In NFIB v. Sebelius the Supreme Court upheld the central components of the ACA, including the individual mandate, although under the taxing power of Congress, not the Commerce Clause. Justice Roberts’s opinion protected the Court from being perceived as an institution driven entirely by conservative politics and yet confined the reach of the Commerce Clause for potential future cases. The Court’s resolution of the constitutionality of the ACA, passed by Congress without a single Republican vote—despite its conservative roots—will leave health care reform as another example of how deep-seated convictions about dependency, liberty, and the role of government can render nearly impossible the bipartisan congressional engagement that our largest, most complicated and pressing challenges require.
If you enjoyed this excerpt, purchase the full book here.
Reprinted from Dangerous Convictions: What’s Really Wrong with the U.S. Congress by Tom Allen with permission from Oxford University Press. Copyright © 2013 by Oxford University Press.
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John Oliver, Ferguson, MO and Police Militarization


Suspended St. Louis Police Officer: "I'm Into Diversity, I Kill Everybody"



By Allen McDuffee, The Wire
24 August 14
 
St. Louis County police officer, who was seen pushing a CNN anchor during protests in Ferguson, Mo., this week, was suspended from duty after a controversial video surfaced, in which he fashions himself as a merciless killer.
“I personally believe in Jesus Christ as my lord and savior, but I’m also a killer,” said officer Dan Page, a 35-year veteran, in the video. “I’ve killed a lot. And if I need to, I’ll kill a whole bunch more. If you don’t want to get killed, don’t show up in front of me. I have no problems with it. God did not raise me to be a coward." Page added, “I’m into diversity — I kill everybody. I don’t care."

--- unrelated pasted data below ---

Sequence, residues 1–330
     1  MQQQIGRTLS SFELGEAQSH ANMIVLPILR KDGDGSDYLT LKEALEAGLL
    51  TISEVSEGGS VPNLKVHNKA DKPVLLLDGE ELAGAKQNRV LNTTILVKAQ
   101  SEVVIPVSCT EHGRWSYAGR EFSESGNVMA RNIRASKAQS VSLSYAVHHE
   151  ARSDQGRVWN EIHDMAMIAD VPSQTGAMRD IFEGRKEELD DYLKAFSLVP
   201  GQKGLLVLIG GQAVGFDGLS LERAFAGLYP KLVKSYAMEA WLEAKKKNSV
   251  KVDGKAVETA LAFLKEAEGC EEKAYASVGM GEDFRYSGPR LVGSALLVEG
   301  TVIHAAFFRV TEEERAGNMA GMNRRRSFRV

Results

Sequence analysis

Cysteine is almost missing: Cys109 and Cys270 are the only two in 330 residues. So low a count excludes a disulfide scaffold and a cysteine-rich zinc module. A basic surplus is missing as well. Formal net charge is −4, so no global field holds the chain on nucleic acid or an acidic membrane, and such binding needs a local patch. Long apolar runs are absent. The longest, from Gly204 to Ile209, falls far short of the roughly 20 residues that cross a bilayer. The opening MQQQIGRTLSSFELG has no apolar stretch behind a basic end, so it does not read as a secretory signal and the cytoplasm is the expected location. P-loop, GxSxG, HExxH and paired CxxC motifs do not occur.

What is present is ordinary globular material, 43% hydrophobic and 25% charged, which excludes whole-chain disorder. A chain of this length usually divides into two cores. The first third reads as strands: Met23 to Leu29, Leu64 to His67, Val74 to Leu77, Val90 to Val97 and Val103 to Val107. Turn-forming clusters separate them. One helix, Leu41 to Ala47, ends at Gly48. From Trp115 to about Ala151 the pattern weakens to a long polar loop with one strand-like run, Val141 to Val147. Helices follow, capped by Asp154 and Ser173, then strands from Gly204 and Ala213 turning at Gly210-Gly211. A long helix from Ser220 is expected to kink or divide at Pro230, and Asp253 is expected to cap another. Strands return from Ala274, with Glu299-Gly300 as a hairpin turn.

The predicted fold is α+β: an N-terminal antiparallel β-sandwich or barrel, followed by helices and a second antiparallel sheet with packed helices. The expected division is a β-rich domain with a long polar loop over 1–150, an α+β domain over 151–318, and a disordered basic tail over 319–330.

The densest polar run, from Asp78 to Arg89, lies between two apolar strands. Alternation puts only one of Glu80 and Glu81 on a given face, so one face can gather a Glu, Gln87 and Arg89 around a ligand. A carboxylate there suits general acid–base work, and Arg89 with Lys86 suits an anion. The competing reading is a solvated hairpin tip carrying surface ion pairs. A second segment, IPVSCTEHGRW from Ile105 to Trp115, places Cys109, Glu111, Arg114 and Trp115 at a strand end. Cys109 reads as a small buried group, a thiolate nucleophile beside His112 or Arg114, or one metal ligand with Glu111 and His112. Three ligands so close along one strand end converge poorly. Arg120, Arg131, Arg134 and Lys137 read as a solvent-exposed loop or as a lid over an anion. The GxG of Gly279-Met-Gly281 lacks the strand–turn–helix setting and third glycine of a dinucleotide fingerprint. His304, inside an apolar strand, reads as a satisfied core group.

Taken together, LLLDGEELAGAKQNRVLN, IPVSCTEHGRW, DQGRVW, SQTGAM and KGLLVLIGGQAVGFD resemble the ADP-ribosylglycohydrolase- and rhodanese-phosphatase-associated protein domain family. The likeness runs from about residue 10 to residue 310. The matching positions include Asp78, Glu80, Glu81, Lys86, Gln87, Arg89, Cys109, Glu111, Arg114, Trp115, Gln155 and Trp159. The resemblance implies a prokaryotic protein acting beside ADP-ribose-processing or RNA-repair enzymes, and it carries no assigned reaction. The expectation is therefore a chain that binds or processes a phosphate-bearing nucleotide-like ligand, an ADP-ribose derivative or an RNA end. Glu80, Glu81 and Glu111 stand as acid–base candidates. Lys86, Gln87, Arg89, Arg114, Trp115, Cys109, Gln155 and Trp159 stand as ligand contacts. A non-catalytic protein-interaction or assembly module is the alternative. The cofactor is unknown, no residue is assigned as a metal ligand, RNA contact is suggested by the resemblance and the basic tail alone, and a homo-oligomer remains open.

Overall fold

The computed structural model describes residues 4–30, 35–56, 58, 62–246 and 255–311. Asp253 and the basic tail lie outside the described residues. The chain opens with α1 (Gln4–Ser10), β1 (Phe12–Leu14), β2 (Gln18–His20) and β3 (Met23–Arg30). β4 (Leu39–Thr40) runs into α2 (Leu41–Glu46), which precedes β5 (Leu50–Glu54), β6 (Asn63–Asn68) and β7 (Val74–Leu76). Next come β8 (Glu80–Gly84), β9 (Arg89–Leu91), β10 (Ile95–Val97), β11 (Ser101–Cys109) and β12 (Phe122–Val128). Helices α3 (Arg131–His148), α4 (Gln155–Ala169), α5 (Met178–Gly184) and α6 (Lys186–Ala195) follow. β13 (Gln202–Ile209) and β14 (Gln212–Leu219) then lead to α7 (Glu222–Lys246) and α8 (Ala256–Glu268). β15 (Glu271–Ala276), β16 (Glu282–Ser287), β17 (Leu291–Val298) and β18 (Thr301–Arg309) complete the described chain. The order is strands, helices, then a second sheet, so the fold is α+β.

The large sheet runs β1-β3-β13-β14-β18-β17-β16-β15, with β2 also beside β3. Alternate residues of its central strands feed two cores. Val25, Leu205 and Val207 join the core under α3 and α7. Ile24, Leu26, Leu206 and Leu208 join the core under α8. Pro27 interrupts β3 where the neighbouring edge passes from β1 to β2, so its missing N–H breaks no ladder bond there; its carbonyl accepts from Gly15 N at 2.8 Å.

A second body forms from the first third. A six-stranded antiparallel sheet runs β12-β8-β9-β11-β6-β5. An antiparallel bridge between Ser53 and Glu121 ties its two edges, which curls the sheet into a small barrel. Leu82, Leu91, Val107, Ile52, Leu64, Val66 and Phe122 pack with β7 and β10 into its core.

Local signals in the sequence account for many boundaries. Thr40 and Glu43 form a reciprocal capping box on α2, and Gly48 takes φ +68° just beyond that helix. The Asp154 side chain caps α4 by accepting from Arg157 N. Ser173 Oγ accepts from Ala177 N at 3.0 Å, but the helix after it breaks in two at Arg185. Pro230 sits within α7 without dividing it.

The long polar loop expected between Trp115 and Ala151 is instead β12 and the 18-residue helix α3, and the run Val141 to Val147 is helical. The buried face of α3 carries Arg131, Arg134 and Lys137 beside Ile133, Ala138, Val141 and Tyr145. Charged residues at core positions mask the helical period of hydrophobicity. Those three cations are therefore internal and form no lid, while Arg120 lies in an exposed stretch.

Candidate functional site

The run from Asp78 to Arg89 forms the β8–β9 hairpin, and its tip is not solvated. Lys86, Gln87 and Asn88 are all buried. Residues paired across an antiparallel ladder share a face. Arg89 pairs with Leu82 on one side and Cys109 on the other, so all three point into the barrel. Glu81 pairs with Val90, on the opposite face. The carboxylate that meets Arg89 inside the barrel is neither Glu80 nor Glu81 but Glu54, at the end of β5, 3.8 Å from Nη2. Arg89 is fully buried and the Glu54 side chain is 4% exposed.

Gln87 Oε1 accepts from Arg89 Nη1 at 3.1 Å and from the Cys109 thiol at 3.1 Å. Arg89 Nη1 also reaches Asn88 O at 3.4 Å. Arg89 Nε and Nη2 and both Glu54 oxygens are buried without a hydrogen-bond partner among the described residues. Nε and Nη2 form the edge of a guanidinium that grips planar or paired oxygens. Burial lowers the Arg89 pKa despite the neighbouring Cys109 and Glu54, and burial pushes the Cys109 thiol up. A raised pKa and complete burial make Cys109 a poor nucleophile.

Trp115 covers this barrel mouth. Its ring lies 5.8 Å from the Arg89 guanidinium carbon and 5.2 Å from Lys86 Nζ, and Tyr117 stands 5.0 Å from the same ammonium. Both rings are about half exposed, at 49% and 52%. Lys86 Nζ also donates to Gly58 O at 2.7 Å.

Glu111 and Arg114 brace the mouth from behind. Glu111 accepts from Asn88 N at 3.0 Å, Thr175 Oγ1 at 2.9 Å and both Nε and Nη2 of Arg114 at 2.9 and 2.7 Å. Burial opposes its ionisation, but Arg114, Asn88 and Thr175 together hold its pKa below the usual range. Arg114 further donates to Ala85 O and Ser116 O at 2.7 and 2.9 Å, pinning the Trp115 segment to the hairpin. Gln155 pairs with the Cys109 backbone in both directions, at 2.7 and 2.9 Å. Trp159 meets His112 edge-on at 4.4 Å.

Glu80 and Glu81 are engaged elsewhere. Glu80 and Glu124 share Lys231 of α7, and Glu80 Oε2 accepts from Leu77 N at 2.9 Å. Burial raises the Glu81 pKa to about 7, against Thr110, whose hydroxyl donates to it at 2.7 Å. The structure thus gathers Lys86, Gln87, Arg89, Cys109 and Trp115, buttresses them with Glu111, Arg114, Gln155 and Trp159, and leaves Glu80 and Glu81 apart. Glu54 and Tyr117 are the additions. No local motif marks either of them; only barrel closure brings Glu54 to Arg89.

St. Louis County Police Chief Jon Belmar said Page has been suspended, pending a review by the internal affairs unit, which will begin Monday. The video was brought to Belmar’s attention by CNN's Don Lemon.
“With the comments on killing, that was obviously something that deeply disturbed me immediately,” Belmar told the St. Louis Post-Dispatch.
The comments, which were made before members of the Christian organization, the Oath Keepers, also included his story of going to Kenya in search of "undocumented president," Barack Obama. “I flew to Africa, right there, and I went to our undocumented president’s home,” Page said, holding a picture of him in Kenya. “He was born in Kenya.”
Page has been ordered to take a psychiatric exam, according to Belmar, who issued a public apology for Page's remarks. “He does not represent the rank-and-file of [the] St. Louis County Police Department,” Belmar told CNN in a Friday on-air interview.